Polar Bears do not need sea ice to survive !!! that is total nonsense !!!
Climate Change Impacts
Sea ice is the predominant feature of the arctic seas, and global warming caused by greenhouse gas emisions
is expected to cause a reduction in its thickness and extent. Arctic shelf seas are among the most productive
in the world and large numbers of organisms from all trophic levels can be found along ice edges, leads and
polynyas where the interaction of ice, sunlight and water currents is greatest (Sakshaug et al. 1994).
Reductions in the extent of sea ice will undermine the productivity of the northern oceans. Of concern as the
ice melts is the loss of ice-dependant prey species for predators like the polar bear (Tynan and DeMaster, 1997).
The seasonal cycle of melting ice creates vertical mixing in the ocean column and allows nutrient-rich water
to reach the surface. Colony-building diatoms and blue-green algae flourish on the underside of ice floes. In
the spring, as sunlight returns to the northern high latitudes and the pack ice retreats north, these algae seed
a bloom of phytoplankton in the layer of nutrient-rich brackish water that forms on top of the cold, dense sea
water below. Zooplankton and small crustaceans, such as copepods, amphipods and krill, feed on this bloom.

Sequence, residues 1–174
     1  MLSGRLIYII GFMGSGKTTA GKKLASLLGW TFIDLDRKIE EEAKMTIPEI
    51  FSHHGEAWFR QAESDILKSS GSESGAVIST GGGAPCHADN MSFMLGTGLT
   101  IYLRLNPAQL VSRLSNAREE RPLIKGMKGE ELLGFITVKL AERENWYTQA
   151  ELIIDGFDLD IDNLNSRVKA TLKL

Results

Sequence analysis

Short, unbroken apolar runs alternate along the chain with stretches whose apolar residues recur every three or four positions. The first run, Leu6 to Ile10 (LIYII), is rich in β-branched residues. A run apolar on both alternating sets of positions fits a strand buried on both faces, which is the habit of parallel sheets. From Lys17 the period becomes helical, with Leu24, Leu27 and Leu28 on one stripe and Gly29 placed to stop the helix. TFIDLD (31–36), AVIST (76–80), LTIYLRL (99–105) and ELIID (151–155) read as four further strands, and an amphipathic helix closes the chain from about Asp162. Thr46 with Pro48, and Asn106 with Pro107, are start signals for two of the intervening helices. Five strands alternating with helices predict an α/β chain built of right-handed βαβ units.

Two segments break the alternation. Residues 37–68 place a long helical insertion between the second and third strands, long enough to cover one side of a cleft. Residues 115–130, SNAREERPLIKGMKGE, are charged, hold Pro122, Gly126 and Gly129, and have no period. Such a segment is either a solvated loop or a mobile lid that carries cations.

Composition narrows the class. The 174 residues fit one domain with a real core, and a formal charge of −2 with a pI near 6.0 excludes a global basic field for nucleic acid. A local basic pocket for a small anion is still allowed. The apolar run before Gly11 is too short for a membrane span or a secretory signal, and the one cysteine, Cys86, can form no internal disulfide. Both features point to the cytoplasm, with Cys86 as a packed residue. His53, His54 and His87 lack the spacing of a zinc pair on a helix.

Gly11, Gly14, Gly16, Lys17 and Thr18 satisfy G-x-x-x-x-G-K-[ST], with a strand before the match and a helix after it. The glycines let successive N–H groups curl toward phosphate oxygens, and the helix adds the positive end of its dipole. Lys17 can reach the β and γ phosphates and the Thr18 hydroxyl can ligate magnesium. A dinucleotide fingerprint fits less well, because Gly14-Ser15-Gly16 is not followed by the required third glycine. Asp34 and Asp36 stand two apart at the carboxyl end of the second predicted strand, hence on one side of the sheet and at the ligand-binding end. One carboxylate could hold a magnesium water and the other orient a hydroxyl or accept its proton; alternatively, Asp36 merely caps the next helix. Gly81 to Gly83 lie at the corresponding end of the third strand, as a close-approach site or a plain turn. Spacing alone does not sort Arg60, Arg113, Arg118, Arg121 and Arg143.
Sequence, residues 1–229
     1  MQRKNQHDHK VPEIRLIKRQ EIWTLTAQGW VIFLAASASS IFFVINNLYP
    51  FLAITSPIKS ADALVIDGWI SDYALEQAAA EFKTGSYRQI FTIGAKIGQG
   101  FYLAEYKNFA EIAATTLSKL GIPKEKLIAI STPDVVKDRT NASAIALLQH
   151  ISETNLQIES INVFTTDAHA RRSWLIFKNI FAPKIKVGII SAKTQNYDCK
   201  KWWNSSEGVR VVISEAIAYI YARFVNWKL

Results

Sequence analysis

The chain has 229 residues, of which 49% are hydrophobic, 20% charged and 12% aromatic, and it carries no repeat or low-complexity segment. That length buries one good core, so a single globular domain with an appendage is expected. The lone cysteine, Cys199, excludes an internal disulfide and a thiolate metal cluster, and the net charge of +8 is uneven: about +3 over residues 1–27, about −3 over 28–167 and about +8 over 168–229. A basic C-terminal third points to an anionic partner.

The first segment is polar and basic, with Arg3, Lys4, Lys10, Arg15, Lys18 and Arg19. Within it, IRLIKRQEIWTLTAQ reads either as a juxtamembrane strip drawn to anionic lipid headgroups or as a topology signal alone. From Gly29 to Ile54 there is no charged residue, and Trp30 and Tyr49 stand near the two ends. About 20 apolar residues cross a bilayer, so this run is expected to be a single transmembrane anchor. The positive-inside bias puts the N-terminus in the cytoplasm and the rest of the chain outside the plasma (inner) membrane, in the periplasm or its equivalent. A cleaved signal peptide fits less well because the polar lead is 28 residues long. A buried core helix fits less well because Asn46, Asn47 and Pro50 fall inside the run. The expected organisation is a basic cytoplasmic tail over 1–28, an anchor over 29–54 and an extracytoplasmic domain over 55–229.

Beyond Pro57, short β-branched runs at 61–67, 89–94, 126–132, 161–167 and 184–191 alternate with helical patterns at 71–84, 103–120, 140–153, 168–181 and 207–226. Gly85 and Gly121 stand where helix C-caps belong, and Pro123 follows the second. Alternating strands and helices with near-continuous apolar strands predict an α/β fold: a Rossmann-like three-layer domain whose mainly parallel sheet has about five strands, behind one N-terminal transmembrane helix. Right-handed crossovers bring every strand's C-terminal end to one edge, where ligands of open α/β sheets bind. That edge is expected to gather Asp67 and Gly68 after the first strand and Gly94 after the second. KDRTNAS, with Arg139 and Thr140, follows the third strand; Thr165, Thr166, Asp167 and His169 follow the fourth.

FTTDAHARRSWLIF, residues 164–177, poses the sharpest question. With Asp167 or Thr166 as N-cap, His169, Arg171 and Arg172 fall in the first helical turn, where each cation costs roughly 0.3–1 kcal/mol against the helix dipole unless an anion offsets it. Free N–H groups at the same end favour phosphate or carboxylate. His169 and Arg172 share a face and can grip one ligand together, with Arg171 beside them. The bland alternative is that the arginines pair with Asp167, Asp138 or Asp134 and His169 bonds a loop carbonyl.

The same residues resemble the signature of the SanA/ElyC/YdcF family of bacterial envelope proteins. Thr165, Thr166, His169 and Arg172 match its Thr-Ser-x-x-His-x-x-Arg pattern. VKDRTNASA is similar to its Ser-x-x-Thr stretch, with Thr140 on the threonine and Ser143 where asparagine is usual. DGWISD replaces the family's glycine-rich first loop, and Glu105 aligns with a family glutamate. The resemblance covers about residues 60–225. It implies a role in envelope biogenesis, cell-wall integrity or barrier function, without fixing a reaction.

These in turn, serve as food for fish (particularly arctic cod), seals, seabirds, and other predators. But it is in
the open water of leads and polynyas where productivity is highest and top level predators—like the polar
bear—feast on the abundance of ice-dependent species assembled there (Sakshaug et al. 1994). Due to its
position at the top of the arctic marine food web, the polar bear is an ideal species through which to monitor
the cumulative effects of climate change in the arctic marine ecosystem (Stirling and Derocher 1993).
Indigenous communities along the coast of the northern Bering and Chukchi Seas have noticed substantial
changes in the marine ecosystem since the 1970s. Alaska Natives, for example, have experienced warmer
winters, early spring break-up, and thinner than usual ice (Pungowiyi 2000). This traditional knowledge echoes
the scientific evidence. Throughout the 20th century, the following scientific observations have been made:
• Although not geographically uniform, air temperatures in the Arctic have increased by about 5°C
over the last 100 years (Serreze et al. 2000).
• Since 1972, a 10 per cent decrease in snow-cover extent across the northern hemisphere has been
observed (Brown, 2000).
• Between 1978 and 1996, arctic sea ice extent decreased by approximately 3 per cent per decade
(Parkinson et al. 1999);
Figure 2 illustrates that spring sea ice extent in the Nordic Sea has been
reduced by 33 per cent over the past 135 years (Vinje 2001).
Sea ice is critical to the survival of polar bears. It is the platform from which they hunt because it is there
that their primary prey—ringed and bearded seal—are found. Ringed and bearded seals are in turn dependent
on sea ice as it is there that they rest, give birth and raise their pups. Regional variation in the seasonal distribution
and extent of sea ice has been shown to have significant effects on the survival of seals and consequently
on polar bears (Stirling 1997).http://www.worldwildlife.org/climate/Publi...aryitem4927.pdf